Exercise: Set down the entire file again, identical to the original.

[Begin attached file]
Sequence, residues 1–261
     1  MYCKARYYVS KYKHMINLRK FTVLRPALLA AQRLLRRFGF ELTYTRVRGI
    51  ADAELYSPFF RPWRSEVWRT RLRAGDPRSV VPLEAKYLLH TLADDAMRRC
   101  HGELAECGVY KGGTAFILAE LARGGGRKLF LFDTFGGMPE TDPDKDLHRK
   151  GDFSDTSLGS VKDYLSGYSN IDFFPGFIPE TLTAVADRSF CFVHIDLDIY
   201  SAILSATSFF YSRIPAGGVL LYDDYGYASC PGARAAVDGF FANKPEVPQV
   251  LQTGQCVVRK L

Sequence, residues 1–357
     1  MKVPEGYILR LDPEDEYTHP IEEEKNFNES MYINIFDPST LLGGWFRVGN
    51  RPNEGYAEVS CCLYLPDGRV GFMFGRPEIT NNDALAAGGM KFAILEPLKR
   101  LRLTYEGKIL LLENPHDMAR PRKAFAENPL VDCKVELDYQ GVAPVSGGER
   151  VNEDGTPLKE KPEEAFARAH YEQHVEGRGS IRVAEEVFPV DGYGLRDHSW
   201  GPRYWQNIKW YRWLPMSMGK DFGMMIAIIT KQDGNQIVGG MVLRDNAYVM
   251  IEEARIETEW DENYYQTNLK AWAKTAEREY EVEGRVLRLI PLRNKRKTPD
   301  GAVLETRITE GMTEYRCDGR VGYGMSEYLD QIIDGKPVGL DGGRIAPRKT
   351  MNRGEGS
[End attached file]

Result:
Sequence, residues 1–261
     1  MYCKARYYVS KYKHMINLRK FTVLRPALLA AQRLLRRFGF ELTYTRVRGI
    51  ADAELYSPFF RPWRSEVWRT RLRAGDPRSV VPLEAKYLLH TLADDAMRRC
   101  HGELAECGVY KGGTAFILAE LARGGGRKLF LFDTFGGMPE TDPDKDLHRK
   151  GDFSDTSLGS VKDYLSGYSN IDFFPGFIPE TLTAVADRSF CFVHIDLDIY
   201  SAILSATSFF YSRIPAGGVL LYDDYGYASC PGARAAVDGF FANKPEVPQV
   251  LQTGQCVVRK L

Sequence, residues 1–357
     1  MKVPEGYILR LDPEDEYTHP IEEEKNFNES MYINIFDPST LLGGWFRVGN
    51  RPNEGYAEVS CCLYLPDGRV GFMFGRPEIT NNDALAAGGM KFAILEPLKR
   101  LRLTYEGKIL LLENPHDMAR PRKAFAENPL VDCKVELDYQ GVAPVSGGER
   151  VNEDGTPLKE KPEEAFARAH YEQHVEGRGS IRVAEEVFPV DGYGLRDHSW
   201  GPRYWQNIKW YRWLPMSMGK DFGMMIAIIT KQDGNQIVGG MVLRDNAYVM
   251  IEEARIETEW DENYYQTNLK AWAKTAEREY EVEGRVLRLI PLRNKRKTPD
   301  GAVLETRITE GMTEYRCDGR VGYGMSEYLD QIIDGKPVGL DGGRIAPRKT
   351  MNRGEGS